This first photo gives you some idea of the conditions these plantings have to contend with…cement on all sides and a steady flow of of traffic (and the heavy pollution that implies) with full sun. Maurice Horn of Joy Creek Nursery worked with Reed to develop and oversee the plan, then worked with volunteers on the installation.
The ginkos at regular intervals were already in place, giving the design some structure from the very start. 2-3″ each of compost and crushed basalt gravel were worked into the soil, a mixture that serves to cut through clay soil and encourage deeper root systems. The plantings were watered during the first two years. Now they are watered with hoses once a year, with some supplemental when the temperatures rise into the 90’s.
As you can see, many of the new plants have reached full size.
Foliage color and texture keep things interesting year-round.
Strategically placed boulders are especially handsome with flowering plants spilling over them.
While flowers are not the main attraction, there are enough of them to brighten the design.
These asters were just coming on.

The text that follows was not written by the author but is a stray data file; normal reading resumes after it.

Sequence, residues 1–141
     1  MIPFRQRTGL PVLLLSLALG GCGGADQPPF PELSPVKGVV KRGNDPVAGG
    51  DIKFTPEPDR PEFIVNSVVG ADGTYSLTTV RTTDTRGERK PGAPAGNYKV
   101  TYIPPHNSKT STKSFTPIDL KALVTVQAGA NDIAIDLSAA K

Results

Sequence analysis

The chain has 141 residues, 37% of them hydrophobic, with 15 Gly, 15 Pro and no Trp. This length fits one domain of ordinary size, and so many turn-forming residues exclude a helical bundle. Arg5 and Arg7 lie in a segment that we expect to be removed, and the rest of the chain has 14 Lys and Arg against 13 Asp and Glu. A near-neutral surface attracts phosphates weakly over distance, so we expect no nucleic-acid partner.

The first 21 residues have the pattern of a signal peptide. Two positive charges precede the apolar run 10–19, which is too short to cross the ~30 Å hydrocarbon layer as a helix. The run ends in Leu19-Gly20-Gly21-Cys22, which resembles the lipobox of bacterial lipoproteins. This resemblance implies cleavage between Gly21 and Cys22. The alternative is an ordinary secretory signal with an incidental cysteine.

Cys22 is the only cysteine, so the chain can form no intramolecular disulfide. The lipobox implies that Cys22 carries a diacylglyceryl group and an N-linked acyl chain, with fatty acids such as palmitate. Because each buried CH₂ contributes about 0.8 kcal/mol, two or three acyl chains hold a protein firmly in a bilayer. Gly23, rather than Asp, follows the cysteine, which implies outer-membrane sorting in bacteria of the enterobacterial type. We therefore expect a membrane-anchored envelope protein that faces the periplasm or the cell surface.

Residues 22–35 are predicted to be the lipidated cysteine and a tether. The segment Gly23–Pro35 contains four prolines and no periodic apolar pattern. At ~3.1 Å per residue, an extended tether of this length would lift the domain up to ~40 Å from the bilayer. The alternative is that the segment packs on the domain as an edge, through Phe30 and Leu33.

This crape myrtle was the most dramatic plant of all. I had no idea what it was (none of the plants in the strip are labeled) but HPSO always features a display of blooms contributed by members at every event, so I soon learned that it is Lagerstroemia ‘Arapaho’. I had never seen a crape myrtle with anything other than those Pepto Bismol pink flowers, and had valued it mainly for its fall color. This one is truly stunning, dressed in wine and claret.
This bottle brush shrub contributed in its own quiet way.
Pebble mosaic stepping stones allow workers into the border to perform maintenance chores.
The last time I visited was in the spring, when Ceanothus were blooming their hearts out. This time it looked as if there had been a recent work party to replenish the gravel top dressing and spruce things up.